Is it Better to Rent or Buy a House in Australia?

Renting might seem more appealing with soaring housing prices in Sydney and Melbourne but don't expect it to be cheaper than buying. 

While investors have boosted the supply of rental accommodation and reduced the rate of growth of rents, rents are still growing in the two major cities, Housing Industry Association senior economist, Shane Garrett said.

Real Estate Institute of NSW president Malcolm Gunning said in many cases, "mortgage repayments are cheaper than rental". 

"Take for example a one-bedroom in inner city Sydney which costs about $700,000. At about a 4 per cent fixed mortgage rate, you pay about $580 a week," he said. 

But rents in these areas are about $650 to $700.

Case Example


Mandy A single 30-year-old renting in Sydney. She is weighing up the decision of whether to continue renting or to buy a home which is of the similar value as her current rental property with a $450,000 home loan, for a loan term of 25 years at a 6% p.a. interest rate.

Mandy would require a minimum income just shy of $100,000 to buy the property she is renting (assuming her parents went guarantor on a home loan covering the entire cost of the property).

So if she didn’t have that income, she could look for a cheaper property, save for a deposit (which would bring her required income down) or continue renting.

As her scenario demonstrates, the income required to rent her current property is $29,220 less than purchasing it. On the other hand, if she did have the necessary income to purchase the property, she would be paying less in interest per week over the life of the loan than she does currently in rent.

The same rent payment put towards her mortgage would build her wealth in terms of equity by $128 per week.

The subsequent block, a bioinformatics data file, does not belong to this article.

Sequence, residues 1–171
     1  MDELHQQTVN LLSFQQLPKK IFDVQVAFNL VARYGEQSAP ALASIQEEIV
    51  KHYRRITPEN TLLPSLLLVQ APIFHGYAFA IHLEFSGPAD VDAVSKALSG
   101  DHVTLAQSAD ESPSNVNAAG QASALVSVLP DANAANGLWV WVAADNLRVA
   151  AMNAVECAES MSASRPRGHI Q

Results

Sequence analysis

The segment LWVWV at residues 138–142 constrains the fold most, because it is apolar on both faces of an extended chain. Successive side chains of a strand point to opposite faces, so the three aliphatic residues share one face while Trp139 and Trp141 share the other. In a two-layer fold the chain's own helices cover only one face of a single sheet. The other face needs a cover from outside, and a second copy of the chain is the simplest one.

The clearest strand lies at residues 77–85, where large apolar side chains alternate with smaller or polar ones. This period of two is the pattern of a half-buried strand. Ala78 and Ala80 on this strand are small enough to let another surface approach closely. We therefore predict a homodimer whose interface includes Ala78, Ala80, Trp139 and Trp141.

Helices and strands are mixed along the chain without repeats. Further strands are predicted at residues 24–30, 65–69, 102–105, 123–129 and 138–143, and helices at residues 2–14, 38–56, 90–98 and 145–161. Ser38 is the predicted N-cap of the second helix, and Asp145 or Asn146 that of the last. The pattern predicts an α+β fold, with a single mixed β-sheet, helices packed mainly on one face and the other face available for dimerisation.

So, for Mandy, purchasing the property could be worth it as it’s better value than renting.




There are two additional factors which make it even more attractive to buy rather than rent.

The first is the impact of the cost of rental price growth versus the fixed initial purchase price of the property and the second is the impact on rising incomes.

Firstly, rental prices grow, while a property purchase is fixed in dollar terms from the date of purchase. Repayments on a property get better year to year, as they don’t rise in the way that rents do (leaving interest rates aside).

So while many people may, perhaps rightly, be very hesitant to lock themselves into a 25 year mortgage, it’s equivalent to escaping 25 years of annual rent increases.

The second factor that improves the case for buying is the impact of salary increases based on inflation.

As the years proceed (and if interest rates stay the same), borrowers will be paying less and less of their disposable income towards repaying a home loan — all before career progression and other associated pay rises are taken into account. Whereas for renting, rents tend to rise faster than inflation.

Based on these numbers, buying a property to live in is a better pick.


Have on Mandy’s choice of buying or renting.

By the 10th year, Mandy’s mortgage will be less than it would have cost to continue renting.

By the 20th year, rent will be more than double a her mortgage repayments.

Over the long run the numbers lean towards buying a home in favor of renting.

Not all situations are going to be the same, but buying a home can be a good way of avoiding rental price hikes.






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(Table demonstrates the impact that an income rising by 2.5% per year and rent prices growing by 5% per year (which is a conservative figure given Westpac’s reported 14% p.a. rise in rents for Sydney over the 20 years to 2009)